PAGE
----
• Steve Martin

What Returns Are Safe Withdrawal Rates REALLY Based Upon?

What Returns Are Safe Withdrawal Rates REALLY Based Upon?

As retirees and their planners adjust to the ‘new normal’ – a world of lower-than-average returns for the foreseeable future, many have questioned whether the historical safe withdrawal rate research is still valid. After all, if returns will be below average in the coming years, doesn’t that imply safe withdrawal rates must be below average as well? In point of fact, though, safe withdrawal rates do not depend on average returns in the first place; the worst safe withdrawal rates in history that we rely upon are actually associated with 15-year real returns of less than 1%/year from a balanced portfolio! Accordingly, given current bond yields, dividend yields, and inflation, if the current environment for today’s retirees will result in a “new record low” safe withdrawal rate, the S&P 500 would still have to be no higher in 2027 than it was in 2007 or even 2000! On the other hand, merely projecting equities to recover to new highs by the end of the decade or generating a mid-single-digits return would actually represent an upside surprise, allowing for higher retirement spending than 4.5% safe withdrawal rates!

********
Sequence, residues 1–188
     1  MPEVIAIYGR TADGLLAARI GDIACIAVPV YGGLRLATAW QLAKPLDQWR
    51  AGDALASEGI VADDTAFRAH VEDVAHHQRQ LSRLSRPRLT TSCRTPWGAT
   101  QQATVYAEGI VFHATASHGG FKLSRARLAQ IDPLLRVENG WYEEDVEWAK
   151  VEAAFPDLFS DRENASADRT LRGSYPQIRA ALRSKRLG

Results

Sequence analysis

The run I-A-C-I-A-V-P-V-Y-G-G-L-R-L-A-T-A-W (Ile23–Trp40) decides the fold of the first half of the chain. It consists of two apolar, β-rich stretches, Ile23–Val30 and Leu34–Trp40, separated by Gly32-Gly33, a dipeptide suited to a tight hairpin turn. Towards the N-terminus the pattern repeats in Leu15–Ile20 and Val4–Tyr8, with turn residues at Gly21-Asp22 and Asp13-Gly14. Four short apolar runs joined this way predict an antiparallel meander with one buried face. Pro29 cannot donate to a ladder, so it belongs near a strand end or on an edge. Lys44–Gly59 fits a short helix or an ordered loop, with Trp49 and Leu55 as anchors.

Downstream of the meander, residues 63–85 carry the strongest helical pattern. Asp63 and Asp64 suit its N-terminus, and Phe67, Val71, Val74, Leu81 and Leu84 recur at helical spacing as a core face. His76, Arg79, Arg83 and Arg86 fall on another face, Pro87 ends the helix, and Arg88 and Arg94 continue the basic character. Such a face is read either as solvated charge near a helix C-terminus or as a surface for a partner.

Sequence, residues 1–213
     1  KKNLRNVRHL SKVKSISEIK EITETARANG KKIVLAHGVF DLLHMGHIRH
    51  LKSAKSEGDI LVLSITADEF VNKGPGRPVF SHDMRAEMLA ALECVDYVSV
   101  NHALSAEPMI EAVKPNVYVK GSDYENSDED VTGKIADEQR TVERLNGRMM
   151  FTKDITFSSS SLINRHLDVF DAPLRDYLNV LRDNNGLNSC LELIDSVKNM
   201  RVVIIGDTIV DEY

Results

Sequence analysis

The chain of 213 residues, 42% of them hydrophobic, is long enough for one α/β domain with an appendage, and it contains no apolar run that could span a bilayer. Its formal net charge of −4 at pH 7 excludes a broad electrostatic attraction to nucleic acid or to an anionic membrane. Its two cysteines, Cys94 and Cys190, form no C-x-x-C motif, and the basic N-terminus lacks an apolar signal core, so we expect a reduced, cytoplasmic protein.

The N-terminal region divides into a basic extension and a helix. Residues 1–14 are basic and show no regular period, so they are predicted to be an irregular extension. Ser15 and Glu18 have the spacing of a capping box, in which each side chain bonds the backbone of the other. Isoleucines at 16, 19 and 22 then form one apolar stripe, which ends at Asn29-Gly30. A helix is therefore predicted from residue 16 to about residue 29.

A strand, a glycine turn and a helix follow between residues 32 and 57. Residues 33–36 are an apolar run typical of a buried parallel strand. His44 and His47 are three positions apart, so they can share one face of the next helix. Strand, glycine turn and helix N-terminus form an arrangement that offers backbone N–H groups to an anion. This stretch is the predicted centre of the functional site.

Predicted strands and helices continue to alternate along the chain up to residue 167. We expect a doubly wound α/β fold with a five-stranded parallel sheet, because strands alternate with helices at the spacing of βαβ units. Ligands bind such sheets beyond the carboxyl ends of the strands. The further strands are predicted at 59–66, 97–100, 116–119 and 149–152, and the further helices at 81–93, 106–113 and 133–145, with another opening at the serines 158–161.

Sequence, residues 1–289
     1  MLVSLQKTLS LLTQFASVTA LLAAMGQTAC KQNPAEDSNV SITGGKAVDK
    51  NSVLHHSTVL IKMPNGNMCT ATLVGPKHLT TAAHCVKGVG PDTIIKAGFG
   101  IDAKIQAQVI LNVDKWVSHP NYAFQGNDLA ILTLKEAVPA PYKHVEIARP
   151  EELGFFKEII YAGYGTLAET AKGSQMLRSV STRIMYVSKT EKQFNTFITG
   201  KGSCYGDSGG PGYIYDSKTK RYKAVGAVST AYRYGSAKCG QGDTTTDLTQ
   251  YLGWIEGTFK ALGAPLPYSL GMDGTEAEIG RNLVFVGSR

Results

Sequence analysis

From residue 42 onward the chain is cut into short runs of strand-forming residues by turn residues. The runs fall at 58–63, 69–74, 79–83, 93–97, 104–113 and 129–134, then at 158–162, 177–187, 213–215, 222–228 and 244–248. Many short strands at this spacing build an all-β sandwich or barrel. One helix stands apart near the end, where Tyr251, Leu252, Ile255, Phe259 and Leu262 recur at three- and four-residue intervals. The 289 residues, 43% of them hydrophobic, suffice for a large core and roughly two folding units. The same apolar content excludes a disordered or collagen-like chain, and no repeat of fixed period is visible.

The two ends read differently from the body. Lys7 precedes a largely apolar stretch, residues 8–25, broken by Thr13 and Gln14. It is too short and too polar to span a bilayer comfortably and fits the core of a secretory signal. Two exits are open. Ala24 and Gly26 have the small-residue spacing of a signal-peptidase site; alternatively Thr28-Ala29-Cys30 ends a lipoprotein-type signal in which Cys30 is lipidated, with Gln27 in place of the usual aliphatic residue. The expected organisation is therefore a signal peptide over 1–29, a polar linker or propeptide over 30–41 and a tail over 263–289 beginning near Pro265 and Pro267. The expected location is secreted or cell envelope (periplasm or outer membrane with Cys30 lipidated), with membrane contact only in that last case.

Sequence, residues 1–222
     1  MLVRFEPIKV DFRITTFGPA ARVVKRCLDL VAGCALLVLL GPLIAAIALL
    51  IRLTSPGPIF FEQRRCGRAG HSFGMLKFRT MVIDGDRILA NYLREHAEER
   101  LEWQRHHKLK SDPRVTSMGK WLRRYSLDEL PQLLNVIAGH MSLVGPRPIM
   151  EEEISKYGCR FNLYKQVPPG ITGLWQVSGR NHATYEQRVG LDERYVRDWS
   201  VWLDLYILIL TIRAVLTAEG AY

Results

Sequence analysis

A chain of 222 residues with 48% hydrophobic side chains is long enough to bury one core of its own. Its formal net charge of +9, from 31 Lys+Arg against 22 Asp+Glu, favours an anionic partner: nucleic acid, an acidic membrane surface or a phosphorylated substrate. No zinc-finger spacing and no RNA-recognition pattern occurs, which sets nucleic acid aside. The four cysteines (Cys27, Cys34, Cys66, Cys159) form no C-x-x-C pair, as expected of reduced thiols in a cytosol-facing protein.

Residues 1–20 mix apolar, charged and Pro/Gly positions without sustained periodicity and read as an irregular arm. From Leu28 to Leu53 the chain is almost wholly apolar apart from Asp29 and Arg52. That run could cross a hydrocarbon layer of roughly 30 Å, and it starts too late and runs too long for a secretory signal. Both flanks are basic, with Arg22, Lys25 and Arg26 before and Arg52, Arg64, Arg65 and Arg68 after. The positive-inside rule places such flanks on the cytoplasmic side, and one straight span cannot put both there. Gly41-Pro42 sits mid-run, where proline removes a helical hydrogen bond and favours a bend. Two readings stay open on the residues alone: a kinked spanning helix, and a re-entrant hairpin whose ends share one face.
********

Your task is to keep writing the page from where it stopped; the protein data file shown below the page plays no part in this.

The inspiration for today’s blog post is some recent conversations I’ve had with other planners, who have questioned whether the safe withdrawal rate research is still relevant in today’s low return environment. “In the ‘new normal'”, the planner usually states, “returns are likely to be lower than historical averages for both stocks and bonds. Doesn’t that mean historical safe withdrawal rates are unrealistic?”

“Not at all,” I reply, “Because historical safe withdrawal rates aren’t based on historical averages. They’re based on historical worst case scenarios.”

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